One of my spiders just dragged this back to my laptop … seems one Theodore May is retracing Alexander’s journey and is documenting his trip in a blog (along with associated tweets) called Backpacking to Babylon. Here’s a bit from the ‘about’ page:
Backpacking to Babylon represents several years of dreaming and planning. This project aims to chronicle Alexander’s long march to Babylon and his legendary rivalry with Darius, and where possible place his exploits in a modern-day context. In viewing the present through the prism of the past, I hope to enrich our understanding of both. Along the way, I hope to share with you many untold stories as well.
In order to do this, I am walking in the footsteps of Alexander the Great through seven countries/territories, over eight months, covering 2,000-plus miles, arriving ultimately in the capital of ancient Babylonia, Babylon, the remains of which are found 50-odd miles south of the Iraqi capital, Baghdad. Some readers may quickly reference the Biblical hymn Psalm 137, while others may be more familiar with a popular “modern” interpretation by German disco band Boney M.
This project also aims to explore the limits of new media. Trekking through out-of-the-way places is nothing new — witness the exploits of explorers through the centuries. However, only in the past several years has it become possible for the rest of us at home to come along for the ride.
Check it out at:
John Ketseas (thanks!) sends in an item from Naftemporiki (in Greek) which appears to be a followup to that Kouroi story from a week or so ago. It appears that further investigation has found a cemetery in the area, and (I think) some of the parts from one of the kouroi (I may be misreading that one). In any event, here’s a photo from the article:
… and for those of you who read modern Greek, here’s the article:
For the merry month of May:
We’re getting a few more details on that Etruscan house find at Grosseto which we mentioned last week … here’s an excerpt from ANSA’s coverage:
Following an initial excavation of two weeks, the archaeological team revealed details of the earliest discoveries.
The building’s walls were made of blocks of dried clay, the first ever example of Etruscan-made brick, said Rafanelli. Clay plaster was also found, along with a door handle and the remains of bronze furniture. Of particular interest is the basement of the house. Built of drystone this was apparently used as a cellar for storing food supplies. A massive pitcher which stood in the corner of the main room was used to hold grain.
Other finds include the original flooring of the house, made of crushed earthenware plaster, along with remains of vases, amphorae and plates painted black.
A large quantity of metal nails in the house, along with their placements, indicates the main room might have once contained a kind of mezzanine level built from wooden beams. Six Roman and Etruscan coins discovered on a small alter inside the structure suggest it collapsed in 79 BC, during a period of war sparked by the Roman general Lucius Cornelius Sulla.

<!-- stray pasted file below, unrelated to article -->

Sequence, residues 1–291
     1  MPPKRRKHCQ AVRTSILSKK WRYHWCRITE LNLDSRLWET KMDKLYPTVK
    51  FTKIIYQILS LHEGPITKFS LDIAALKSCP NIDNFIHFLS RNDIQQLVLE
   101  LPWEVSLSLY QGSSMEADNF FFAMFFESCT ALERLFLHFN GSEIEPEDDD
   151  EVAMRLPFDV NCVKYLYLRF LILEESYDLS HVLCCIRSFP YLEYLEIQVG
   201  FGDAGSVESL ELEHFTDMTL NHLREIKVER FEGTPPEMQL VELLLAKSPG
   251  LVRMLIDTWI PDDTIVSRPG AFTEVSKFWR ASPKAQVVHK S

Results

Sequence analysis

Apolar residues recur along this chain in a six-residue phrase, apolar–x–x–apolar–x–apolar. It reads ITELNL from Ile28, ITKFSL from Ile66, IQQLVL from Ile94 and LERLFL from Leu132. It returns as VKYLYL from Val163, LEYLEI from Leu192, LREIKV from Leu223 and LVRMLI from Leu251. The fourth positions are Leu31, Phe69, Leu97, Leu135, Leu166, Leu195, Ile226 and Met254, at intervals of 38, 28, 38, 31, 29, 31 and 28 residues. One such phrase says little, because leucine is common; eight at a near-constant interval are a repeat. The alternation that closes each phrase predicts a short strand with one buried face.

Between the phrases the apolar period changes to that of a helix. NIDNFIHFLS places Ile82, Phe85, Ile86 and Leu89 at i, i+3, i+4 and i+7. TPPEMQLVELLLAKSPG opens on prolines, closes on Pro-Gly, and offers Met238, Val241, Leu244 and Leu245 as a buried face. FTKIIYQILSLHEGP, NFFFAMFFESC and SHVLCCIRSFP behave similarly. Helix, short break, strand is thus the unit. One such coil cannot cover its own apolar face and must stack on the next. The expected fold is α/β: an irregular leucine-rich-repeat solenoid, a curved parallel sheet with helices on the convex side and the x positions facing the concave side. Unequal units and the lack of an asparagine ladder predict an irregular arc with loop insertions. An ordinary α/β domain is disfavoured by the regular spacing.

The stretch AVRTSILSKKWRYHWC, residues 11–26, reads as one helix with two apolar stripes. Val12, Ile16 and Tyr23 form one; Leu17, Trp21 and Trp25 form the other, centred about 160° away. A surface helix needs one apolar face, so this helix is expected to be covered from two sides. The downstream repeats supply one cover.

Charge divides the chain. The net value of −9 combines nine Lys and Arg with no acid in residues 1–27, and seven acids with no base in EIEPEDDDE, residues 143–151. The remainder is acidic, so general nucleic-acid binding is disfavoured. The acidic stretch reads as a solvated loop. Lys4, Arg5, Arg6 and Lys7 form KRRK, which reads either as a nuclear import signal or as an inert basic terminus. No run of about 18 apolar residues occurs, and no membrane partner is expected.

Experts believe the building, which was used both as a home and for commercial activity, belonged to a wealthy and influential family at the time of its collapse. The variety of styles discovered so far indicates it was extended and renovated several times during its three centuries of existence. “The building was part of the ancient town of Vetulonia and is much older than other sections of the town uncovered so far,” said Rafanelli. “We also want to work towards transforming this building into an open air museum,” she added, promising the excavations would continue.
via Etruscan home ‘unique discovery’ | ANSA.it.
Lengthy article in OpEd News … I don’t buy the theory, but it’s interesting (and probably designed to promote the screenplay mentioned at the end); FWIW:
Spartan Women: History’s greatest conspiracy?.
Saw this on the Classics list (tip o’ the pileus to Dennis Webb)… it’s an Australian radio interview with Roger Bagnall all about the Oxford Handbook of Papyrology and it’s actually a very nice intro to papyrology in general. If you don’t have time to listen, click the ‘transcript’ button:
Potentially of interest to someone … here’s the abstract (the article itself is payfer, of course):
Powdered pigments found in bowls from the Pompeii archaeological site and some wall-painting fragments from the Vesuvian area (conserved in the National Archaeological Museum of Naples) were investigated by microscopic Raman and FTIR spectroscopies, X-ray diffraction and scanning electron microscopy-energy dispersive X-ray. Brown, red and yellow pigments are common ochres based on goethite and haematite. The blue pigment is Egyptian blue: the presence of tridymite and cristobalite indicates firing temperatures in the 1000-1100 °C range. Pink pigments were prepared both with purely inorganic materials, by mixing haematite and Egyptian blue (violet hue), or presumably by adding an organic dye to an aluminium-silica matrix. A white powder found in a bowl is composed mainly of the unusual pigment huntite (CaMg3(CO3)4). Celadonite is found in the green samples from the wall paintings, together with Egyptian blue and basic lead carbonate, while the heterogeneous green pigment in a bowl shows malachite mixed with goethite, Egyptian blue, haematite, carbon, cerussite and quartz.
There’s a somewhat longer summary at Volcanic spectroscopy (not sure how that’s affiliated with the journal)